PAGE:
"Discover Cooking, Discuss Life."

Go Back   Discuss Cooking - Cooking Forums > General Cooking Information > Cookware and Accessories > Appliances
Reply
 
Thread Tools Display Modes
 
Old 11-26-2006, 09:50 PM   #11
The Dude Abides
 
TATTRAT's Avatar
 
Join Date: Jun 2006
Location: Bermuda Native in D.C./NoVA
Posts: 5,324
Send a message via AIM to TATTRAT Send a message via Yahoo to TATTRAT Send a message via Skype™ to TATTRAT
How old is the oven. Like many have said, it could very well be the thermostat. A very simple fix.
__________________

__________________
flickr
TATTRAT is offline   Reply With Quote
Old 11-27-2006, 12:38 AM   #12
Head Chef
 
RPCookin's Avatar
 
Join Date: Apr 2005
Location: Logan County, Colorado
Posts: 2,046
Quote:
Originally Posted by Katie E
As a second "check" measure, be sure your thermometers are accurate. Bring a pot of water to boiling, which is 212 degrees F. Insert your thermometer(s) in the hot water. If they register 212 degrees, they're accurate. And, yes, you should be preheating your oven.
Actually this is not a recommended way to check a thermometer unless you live near sea level. Here in Denver, water boils at about 206. At higher elevations it can get to well below 200. The most dependable (and recommended) way to check a thermometer is to fill a glass with ice cubes, then fill it with water. Let it set for a minute to stabilize, then the reading should be 32. This works at any elevation.
__________________

__________________
Rick
RPCookin is offline   Reply With Quote
Old 11-27-2006, 10:31 PM   #13
Master Chef
 
Michael in FtW's Avatar
 
Join Date: Sep 2004
Location: Fort Worth, TX
Posts: 6,592
As has been stated before - it sounds like your oven thermostate is way out of calibration - especially since it consistently cooks too slow. You need an oven thermometer - one that will monitor the thep of the oven, not the probes that you use to monitor the temp of the food you are cooking.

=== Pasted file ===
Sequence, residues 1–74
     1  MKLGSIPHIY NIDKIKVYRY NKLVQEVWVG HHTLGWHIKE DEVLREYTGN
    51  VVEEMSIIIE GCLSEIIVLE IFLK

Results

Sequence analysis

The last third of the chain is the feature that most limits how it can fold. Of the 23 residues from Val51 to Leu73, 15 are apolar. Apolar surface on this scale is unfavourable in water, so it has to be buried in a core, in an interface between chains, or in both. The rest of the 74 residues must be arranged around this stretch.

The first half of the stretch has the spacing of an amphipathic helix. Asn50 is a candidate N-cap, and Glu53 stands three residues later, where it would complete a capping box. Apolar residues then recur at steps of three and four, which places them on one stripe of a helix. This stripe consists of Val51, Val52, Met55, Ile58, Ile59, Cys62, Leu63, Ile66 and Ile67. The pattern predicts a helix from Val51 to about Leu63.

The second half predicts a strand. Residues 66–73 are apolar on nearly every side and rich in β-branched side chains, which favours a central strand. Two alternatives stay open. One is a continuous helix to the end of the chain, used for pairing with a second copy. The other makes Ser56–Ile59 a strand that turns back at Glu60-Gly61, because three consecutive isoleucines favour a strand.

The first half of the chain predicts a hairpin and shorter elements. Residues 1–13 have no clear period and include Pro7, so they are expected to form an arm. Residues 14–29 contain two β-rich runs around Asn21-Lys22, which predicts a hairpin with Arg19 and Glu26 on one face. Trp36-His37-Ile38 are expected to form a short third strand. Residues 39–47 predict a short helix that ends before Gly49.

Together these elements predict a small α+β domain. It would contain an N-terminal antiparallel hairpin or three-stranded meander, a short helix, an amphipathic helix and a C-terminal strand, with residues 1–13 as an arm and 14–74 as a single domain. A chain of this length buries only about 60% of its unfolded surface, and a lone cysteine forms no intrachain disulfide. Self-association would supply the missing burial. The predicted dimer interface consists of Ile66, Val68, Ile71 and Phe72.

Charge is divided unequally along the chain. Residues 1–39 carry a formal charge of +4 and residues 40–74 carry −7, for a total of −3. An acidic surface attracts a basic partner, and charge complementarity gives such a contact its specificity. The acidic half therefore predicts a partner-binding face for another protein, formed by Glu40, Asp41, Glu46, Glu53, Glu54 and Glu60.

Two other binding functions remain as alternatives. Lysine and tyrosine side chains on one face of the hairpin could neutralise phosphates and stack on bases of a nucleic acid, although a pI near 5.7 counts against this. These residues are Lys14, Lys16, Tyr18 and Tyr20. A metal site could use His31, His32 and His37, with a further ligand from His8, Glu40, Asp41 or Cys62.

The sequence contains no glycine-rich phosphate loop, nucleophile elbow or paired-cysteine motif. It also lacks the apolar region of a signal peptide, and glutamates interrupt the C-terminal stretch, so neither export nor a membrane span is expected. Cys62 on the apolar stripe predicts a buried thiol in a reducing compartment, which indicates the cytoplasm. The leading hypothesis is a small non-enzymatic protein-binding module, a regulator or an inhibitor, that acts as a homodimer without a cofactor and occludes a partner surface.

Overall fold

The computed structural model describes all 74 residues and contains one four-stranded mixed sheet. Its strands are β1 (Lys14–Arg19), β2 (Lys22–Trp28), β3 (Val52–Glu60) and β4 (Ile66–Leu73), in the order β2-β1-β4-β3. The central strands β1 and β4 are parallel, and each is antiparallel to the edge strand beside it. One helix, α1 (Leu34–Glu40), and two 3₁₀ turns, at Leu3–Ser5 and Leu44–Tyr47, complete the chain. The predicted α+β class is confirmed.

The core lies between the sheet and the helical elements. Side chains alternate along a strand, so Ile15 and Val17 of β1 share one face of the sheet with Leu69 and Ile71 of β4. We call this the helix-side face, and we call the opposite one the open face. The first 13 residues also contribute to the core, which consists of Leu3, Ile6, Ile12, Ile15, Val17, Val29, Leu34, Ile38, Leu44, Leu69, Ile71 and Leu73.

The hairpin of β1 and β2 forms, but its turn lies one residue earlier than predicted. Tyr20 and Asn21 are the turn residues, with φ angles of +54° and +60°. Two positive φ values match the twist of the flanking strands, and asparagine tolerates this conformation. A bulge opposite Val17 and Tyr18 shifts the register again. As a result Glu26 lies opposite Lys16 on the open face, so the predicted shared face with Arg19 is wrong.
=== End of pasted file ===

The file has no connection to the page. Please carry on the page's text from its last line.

I would suggest the Taylor #5921N Commercial Oven Guide thermometer. It's the most accurate and doesn't ever need to be calibrated - unlike the "dial" type that use a metal spring that will get off with time and useage. They will run you about $15 no matter where you get them ... for Sur La Tab to Ace Hardware to Target. The above link was to Amazon just because they have the best picture - and you can enlarge it. Since you have an Ace Hardware there in Key West I would try them first.

As for checking the calibration of "cooking" thermometers ... some can be calibrated and some can't. Dial types that can be calibrated should be set for the boiling point of water - since Key West, FL is at sea level that would be 212F. Digital models will usually have two calibrations ... a zero or set point (set to 32F) and a span which is set to the local boiling point of water, again 212F in your area. If your thermometer is a wet bulb type - it doesn't need recalibration.

CHECKING YOUR OVEN:

Get a sheet of paper and down the left side make a column ranging from 200F to 550F (or whatever you higest oven temp is) in 25 increments. This isn't quick but it will give you an idea of what you are working with.

Place the top oven rack in the center position of the oven and put the oven thermometer in the middle of the rack (this should be the middle of the oven) - and preheat to 200F, wait for 5 minutes after the oven indicator says it is at temp. Pull the thermometer out, check the temp, put it back in the oven, and record this next to 200 , ie, 200 = 135. Bump the temp up 25 (to 225) and repeat. Keep repeating this process until you reach the top end of your oven temp range. When you are done you will have a chart of the actual oven temps you get from the dial settings.